• Community, by incorporating principles of biodiversity conservation, sustainability, and people-friendly design into land use plans and ordinances.
  • Neighborhood, by promoting the preservation of natural spaces, conservation design and access to nature into developing communities, and
  • Site, by promoting native landscaping, the use of rain gardens and rain barrels, and through the greening of schoolyards and other community open spaces.


It is necessary to incorporate climate change information at each of these scales in order to have successful implementation of the biodiversity adaptation strategies and actions presented in this document for the Chicago Wilderness region. Many of the tools needed to aid ecological adaptation to climate change have already been developed and are part of current restoration ecology practices; however, land managers will likely need to apply these tools in novel and innovative ways to meet the unprecedented challenges posed by climate change (Mawdsley et al., 2009). This applies directly to the Green Infrastructure Vision in that land managers and planners need to consider creating and connecting our green space in a way that will sustain the functionality of natural communities, now and in the future. The following are several climate change adaptation strategies that apply to wildlife management and biodiversity conservation and that represent the types of actions needed to advance the Chicago Wilderness Green Infrastructure Vision in a climate-smart way (Mawdsley et al., 2009):


Possible Green Infrastructure Adaptation Strategies:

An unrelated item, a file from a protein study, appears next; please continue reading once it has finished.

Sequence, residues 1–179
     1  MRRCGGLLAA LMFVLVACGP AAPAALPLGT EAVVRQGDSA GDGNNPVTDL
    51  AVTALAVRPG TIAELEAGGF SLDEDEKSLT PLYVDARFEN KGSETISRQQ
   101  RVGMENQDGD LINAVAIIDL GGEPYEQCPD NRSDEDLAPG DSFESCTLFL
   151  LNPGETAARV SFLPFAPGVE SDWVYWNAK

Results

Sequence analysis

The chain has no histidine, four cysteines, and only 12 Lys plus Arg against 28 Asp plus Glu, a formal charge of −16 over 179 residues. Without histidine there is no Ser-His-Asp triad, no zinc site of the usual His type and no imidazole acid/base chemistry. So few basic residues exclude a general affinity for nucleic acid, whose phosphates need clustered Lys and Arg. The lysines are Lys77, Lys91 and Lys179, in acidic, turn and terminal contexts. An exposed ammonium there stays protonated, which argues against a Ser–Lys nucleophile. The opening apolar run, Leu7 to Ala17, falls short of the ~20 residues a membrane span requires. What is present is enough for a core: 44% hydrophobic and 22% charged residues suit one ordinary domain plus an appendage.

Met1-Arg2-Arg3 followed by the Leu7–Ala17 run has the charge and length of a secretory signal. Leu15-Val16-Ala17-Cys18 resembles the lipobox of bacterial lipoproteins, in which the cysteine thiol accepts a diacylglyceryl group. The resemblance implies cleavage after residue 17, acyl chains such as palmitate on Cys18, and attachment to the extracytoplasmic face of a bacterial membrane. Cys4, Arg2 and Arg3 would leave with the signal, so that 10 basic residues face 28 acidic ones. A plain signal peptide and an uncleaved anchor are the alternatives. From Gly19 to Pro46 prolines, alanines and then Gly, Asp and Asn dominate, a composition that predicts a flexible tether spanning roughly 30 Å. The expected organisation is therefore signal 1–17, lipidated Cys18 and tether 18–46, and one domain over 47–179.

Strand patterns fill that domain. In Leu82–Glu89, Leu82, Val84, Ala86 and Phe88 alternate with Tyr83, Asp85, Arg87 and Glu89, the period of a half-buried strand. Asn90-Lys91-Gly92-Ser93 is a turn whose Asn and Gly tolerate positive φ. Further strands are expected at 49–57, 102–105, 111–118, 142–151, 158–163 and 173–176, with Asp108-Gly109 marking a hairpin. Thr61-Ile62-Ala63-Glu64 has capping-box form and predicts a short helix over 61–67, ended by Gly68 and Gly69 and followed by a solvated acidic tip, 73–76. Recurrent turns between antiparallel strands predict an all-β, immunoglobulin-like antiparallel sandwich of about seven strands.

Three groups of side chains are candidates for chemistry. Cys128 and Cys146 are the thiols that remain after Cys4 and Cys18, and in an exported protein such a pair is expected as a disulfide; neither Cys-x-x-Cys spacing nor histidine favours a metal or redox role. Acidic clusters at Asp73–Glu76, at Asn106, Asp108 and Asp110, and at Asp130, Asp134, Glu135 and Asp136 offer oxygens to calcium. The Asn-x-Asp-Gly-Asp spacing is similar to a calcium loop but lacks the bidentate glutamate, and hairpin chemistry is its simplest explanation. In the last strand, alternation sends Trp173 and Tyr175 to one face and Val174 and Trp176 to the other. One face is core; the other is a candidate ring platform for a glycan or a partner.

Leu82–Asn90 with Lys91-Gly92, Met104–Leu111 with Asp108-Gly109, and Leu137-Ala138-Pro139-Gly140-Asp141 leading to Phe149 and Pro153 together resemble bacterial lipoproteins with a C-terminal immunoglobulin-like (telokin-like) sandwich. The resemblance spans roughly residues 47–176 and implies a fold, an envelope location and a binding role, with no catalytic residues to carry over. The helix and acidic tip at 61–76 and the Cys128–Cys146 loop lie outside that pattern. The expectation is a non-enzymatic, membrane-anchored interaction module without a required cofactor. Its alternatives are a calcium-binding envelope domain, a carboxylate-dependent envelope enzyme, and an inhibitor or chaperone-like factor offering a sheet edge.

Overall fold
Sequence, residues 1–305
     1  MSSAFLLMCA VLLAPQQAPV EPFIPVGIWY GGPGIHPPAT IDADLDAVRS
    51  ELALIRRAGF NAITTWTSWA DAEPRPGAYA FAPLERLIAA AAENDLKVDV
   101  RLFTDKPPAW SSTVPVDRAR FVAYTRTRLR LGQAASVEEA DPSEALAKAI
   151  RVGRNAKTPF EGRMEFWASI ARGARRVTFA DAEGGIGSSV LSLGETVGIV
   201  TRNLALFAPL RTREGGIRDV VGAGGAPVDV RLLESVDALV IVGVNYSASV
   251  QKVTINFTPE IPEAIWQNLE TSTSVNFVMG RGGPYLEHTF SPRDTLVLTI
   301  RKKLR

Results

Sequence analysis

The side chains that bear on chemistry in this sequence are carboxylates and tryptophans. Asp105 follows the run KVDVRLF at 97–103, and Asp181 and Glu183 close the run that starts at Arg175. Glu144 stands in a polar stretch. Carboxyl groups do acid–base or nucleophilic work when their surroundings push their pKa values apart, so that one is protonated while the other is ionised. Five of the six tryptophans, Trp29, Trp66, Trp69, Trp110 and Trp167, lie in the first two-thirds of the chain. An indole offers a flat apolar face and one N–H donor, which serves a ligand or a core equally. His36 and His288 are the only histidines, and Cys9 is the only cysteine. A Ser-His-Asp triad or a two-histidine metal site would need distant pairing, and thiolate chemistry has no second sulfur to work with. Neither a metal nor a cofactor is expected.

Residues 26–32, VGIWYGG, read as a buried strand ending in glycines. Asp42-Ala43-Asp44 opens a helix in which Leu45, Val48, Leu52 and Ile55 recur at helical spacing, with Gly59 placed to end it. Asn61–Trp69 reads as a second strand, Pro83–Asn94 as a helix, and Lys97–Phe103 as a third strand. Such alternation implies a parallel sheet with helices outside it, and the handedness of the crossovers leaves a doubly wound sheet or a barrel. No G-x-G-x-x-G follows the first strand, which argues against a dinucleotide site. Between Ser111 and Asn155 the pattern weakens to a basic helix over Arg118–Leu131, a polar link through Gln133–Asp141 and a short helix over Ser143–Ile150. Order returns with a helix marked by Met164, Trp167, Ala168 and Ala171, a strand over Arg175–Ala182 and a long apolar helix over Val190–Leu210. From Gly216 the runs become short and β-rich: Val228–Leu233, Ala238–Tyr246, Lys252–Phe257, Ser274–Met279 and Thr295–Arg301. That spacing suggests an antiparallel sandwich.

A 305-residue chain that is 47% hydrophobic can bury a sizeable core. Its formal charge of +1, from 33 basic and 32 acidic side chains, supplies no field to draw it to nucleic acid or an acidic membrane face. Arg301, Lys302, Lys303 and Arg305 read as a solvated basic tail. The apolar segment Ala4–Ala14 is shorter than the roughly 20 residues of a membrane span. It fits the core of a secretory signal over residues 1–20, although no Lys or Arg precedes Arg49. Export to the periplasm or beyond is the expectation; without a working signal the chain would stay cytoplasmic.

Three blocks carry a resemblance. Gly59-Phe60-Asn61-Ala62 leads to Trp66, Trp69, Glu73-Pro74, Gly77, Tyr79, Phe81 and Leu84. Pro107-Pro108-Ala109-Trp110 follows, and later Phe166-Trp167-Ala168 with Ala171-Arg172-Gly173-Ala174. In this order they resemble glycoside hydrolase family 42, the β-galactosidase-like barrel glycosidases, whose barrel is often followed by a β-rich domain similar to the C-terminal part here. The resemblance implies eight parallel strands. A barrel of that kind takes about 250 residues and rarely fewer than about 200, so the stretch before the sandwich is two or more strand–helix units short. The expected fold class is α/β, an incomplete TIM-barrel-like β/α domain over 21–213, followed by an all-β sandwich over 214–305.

• Improve the ability of species to move across the landscape from a climate change perspective. There are two main aspects of this strategy that vary in scale and in the benefit they provide to organisms. The first aspect is to identify and improve major corridors that can facilitate larger-scale movement patterns to allow latitudinal movement of organisms as they try to maintain their position within the appropriate climatic envelope. An example of this would be connections along river corridors ensuring the potential for movement through the entire Chicago Wilderness area. The second aspect of this strategy is improving connectivity among habitat patches at a local scale, allowing organisms to find favorable microclimates or specialized habitats that are declining with climate change. This involves identifying 1) species with high vulnerability to climate change (e.g., low tolerance to changes in temperature or precipitation), 2) natural areas with these species of concern and 3) movement corridors within and between reserves based on the expected changes in landscape due to climate change impacts (e.g., increased habitat loss for shallow streams, vernal ponds, fen communities and fine-textured wetter-soil prairies). An example would be routes for herp species and other animals to cross roads that go through forest preserves, similar to the road grid that breaks up Palos. These sites should be priority areas for resource management and restoration actions.